These are scary times. And while we might all want to buy more gold, the price of just a single ounce is becoming very expensive.
For people with tons of money, $1,600-plus may not be a big deal, but for most of us, it is.
So, instead of trying to save up for months for your next gold coin, you might want to consider the alternative, which is to buy fractional gold coins.
Put simply, this means buying less than an ounce of gold at a time.
Fractional gold coins are priced lower, and give you the opportunity to keep buying on a regular basis.
Why not simply wait until you have the full amount for an ounce? Because, as with any investment strategy, it helps to get into a regular buying routine.
For example, you probably put aside a certain amount of money each month into some kind of retirement savings account. You pay what you can, and you do it monthly. That monthly payment becomes part of your regular expenses. You don’t have to think about saving that money each month, because it happens automatically.
Imagine if you didn’t have that money deducted and invested each month. Imagine if it were a discretionary expense, and that you had to decide each month whether to pay into your savings account or not. Chances are, you wouldn’t make that payment. There always seem to be other, more pressing expenses to take care of each month.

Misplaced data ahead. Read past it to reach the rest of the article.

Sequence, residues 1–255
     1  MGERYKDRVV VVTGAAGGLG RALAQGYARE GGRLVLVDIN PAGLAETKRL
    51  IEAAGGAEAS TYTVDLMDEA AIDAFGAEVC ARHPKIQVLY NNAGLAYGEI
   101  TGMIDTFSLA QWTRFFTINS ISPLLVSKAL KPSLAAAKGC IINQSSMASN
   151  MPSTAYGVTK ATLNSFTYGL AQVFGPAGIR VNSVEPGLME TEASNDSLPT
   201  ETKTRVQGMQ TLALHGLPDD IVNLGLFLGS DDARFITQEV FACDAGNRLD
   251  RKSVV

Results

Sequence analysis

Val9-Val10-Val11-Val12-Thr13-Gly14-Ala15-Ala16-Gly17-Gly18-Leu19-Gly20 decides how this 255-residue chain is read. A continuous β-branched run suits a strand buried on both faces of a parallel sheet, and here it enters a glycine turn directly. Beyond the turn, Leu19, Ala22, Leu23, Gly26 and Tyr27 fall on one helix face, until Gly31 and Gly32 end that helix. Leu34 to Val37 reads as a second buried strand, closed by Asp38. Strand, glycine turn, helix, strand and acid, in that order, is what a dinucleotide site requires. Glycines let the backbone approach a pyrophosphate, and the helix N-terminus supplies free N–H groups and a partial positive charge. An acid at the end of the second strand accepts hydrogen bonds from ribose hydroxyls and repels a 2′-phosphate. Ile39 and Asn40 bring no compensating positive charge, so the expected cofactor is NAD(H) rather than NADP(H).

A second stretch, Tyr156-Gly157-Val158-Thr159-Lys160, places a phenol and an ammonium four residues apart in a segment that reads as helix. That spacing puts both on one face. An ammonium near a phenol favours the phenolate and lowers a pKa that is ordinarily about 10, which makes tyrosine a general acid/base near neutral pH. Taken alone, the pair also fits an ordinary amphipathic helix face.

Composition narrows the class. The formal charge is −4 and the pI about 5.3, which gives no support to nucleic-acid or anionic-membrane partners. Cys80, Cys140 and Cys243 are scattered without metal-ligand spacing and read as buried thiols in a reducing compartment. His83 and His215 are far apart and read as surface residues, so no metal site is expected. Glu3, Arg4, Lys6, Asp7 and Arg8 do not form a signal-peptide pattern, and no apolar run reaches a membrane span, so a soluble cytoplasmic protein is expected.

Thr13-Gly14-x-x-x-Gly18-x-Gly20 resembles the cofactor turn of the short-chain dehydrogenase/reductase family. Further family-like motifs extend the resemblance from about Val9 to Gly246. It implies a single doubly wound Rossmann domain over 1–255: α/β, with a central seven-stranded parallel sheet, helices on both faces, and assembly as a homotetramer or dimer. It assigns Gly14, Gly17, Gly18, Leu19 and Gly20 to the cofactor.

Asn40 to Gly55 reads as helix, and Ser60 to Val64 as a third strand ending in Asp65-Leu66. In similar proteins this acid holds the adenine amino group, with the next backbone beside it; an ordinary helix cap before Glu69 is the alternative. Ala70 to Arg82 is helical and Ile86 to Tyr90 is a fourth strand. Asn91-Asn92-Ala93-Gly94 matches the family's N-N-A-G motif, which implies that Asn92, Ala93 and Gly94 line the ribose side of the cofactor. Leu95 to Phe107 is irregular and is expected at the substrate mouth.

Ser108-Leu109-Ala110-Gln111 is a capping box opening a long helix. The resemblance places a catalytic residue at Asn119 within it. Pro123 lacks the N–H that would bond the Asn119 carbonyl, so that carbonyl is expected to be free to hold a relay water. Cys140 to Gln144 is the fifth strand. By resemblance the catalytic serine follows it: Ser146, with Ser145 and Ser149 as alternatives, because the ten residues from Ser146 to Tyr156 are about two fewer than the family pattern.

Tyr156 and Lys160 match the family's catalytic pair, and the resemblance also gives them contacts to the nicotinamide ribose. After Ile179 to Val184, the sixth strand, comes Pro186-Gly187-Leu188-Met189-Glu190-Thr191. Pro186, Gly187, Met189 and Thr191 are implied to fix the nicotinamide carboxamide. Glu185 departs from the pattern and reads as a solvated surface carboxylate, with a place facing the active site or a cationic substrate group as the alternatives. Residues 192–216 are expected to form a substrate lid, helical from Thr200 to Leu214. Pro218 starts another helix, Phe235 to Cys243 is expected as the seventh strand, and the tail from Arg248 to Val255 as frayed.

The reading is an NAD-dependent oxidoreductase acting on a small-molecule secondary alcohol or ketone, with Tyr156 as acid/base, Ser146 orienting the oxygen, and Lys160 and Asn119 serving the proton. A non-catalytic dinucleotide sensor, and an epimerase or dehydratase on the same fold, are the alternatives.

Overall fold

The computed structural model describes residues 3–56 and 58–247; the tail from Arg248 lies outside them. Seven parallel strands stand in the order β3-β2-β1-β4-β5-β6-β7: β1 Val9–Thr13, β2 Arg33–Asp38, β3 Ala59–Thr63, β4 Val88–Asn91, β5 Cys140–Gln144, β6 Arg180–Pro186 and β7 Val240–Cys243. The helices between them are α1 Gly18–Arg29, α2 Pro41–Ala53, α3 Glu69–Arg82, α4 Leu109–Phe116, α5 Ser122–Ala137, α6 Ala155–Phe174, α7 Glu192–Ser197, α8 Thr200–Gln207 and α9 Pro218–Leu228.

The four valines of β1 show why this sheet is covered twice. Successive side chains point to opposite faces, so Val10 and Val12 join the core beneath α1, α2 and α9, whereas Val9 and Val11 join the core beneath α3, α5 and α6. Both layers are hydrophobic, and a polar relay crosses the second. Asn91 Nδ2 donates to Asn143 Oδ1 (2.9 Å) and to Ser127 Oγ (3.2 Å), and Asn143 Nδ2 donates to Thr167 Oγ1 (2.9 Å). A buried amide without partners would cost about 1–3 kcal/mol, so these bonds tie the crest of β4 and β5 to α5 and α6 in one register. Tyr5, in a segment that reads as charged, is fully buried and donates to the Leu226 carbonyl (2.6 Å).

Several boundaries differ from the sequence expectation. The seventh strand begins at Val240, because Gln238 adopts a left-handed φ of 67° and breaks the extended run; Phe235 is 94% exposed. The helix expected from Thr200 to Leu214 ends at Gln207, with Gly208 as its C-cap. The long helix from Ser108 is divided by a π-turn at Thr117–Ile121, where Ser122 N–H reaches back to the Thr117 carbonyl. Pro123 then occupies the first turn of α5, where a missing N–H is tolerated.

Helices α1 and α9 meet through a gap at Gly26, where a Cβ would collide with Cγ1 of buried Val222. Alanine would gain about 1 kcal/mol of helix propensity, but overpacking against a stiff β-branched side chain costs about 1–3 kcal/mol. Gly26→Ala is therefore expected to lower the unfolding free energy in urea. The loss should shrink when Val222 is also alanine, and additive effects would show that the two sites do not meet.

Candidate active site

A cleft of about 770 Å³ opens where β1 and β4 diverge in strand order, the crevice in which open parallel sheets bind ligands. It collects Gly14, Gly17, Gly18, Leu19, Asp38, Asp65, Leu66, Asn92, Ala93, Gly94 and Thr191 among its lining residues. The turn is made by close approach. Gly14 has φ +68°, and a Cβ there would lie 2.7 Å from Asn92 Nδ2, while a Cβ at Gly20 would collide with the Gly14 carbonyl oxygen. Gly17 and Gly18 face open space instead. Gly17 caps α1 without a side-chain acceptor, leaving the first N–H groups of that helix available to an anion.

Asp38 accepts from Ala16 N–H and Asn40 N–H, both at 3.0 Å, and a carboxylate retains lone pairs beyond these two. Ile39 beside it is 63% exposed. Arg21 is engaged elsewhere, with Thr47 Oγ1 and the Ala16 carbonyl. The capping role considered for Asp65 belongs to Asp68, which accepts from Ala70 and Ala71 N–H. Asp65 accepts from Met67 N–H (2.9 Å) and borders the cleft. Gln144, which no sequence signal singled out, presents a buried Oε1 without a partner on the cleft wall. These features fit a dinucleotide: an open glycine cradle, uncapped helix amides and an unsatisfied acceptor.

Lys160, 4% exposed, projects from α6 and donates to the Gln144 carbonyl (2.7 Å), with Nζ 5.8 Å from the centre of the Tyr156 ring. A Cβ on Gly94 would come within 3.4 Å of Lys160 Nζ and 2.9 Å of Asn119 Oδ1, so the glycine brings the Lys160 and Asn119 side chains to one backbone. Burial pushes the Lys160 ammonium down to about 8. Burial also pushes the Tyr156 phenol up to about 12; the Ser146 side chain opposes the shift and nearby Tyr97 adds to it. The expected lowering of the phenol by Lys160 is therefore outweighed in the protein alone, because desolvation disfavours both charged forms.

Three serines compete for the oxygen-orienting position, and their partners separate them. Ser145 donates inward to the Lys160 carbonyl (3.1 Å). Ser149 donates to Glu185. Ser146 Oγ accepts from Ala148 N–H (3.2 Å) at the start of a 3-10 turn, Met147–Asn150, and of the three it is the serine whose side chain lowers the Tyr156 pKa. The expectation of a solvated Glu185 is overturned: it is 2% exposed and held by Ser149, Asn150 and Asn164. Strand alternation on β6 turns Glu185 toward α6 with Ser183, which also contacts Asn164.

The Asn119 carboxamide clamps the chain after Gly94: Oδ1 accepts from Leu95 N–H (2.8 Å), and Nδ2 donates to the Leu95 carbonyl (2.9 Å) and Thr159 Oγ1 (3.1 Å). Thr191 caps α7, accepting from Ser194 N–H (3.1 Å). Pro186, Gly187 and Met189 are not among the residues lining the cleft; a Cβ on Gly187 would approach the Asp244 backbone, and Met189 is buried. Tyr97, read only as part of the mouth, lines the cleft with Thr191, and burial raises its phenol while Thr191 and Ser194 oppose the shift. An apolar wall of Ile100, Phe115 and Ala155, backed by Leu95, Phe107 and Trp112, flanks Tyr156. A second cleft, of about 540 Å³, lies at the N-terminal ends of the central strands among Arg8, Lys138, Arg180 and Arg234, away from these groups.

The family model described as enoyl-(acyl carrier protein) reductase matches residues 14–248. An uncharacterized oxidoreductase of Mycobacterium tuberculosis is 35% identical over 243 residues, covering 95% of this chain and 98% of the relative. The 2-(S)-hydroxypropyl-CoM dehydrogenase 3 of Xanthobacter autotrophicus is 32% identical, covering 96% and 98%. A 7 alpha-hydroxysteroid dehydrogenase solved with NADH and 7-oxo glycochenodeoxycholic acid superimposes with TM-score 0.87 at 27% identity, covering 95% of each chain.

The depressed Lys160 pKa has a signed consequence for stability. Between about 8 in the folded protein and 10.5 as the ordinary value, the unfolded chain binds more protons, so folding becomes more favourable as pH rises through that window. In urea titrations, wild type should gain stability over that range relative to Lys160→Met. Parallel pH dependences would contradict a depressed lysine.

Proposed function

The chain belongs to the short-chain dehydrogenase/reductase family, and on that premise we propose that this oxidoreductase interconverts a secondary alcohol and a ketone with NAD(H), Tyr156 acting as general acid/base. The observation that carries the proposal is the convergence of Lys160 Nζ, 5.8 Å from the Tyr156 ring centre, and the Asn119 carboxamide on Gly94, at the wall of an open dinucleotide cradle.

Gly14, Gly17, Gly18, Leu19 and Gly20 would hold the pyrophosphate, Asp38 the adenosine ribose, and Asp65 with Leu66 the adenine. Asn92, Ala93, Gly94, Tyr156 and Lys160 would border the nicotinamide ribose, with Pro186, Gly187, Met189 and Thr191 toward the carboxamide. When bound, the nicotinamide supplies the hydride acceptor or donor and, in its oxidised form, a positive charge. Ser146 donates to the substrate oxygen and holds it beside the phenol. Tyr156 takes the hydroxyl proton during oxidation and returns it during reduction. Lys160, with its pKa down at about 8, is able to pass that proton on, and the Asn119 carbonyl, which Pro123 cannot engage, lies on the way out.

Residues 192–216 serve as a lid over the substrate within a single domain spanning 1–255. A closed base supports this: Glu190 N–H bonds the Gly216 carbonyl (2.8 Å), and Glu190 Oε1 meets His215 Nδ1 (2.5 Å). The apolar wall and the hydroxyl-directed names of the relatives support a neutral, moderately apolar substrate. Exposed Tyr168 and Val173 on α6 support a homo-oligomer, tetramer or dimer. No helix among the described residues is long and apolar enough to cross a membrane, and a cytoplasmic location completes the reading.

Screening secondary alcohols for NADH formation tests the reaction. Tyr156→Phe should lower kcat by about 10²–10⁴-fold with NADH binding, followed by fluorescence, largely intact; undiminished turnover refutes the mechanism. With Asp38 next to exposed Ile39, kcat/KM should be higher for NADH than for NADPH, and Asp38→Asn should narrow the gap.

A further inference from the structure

It’s the same with buying and owning gold. If you buy only when you have $1,600 or more lying around, you might wait months, or even years before you next buy gold.
And for many of us, $1,600 or more a month spent on gold is a little too much.
But maybe you can afford half of that each month, or a quarter of that.
If that sounds like you, you might want to think about buying fractional gold coins, on a monthly basis.
Most of the major gold bullion coins come in fractional sizes. Here are some examples.
The Canadian Gold Maple Leaf comes in 1/20 oz, 1/10 oz, 1/4 oz, 1/2 oz, and 1 oz denominations.
The American Gold Eagle is available in 1/10 oz, 1/4 oz, 1/2 oz, and 1 oz denominations.
The Krugerrand comes in 1/10 oz, 1/4 oz, 1/2 oz, and 1 oz denominations.
The Vienna Philharmonic is minted in 1/10 oz, 1/4 oz, 1/2 oz, and 1 oz denominations.
In other words, you can buy gold bullion coins starting at just one tenth of the price of a full ounce.
The only thing to keep in mind is that the price of two 1/2 oz coins will be higher than the price of a single, full ounce. There are costs associated with each individual coin. Your dealer will be taking a slice each time. And you’ll be looking at ten times the delivery costs etc.
But even so, and particularly if prices keep rising, getting into the habit of buying gold bullion right now could pay you back big time further down the road.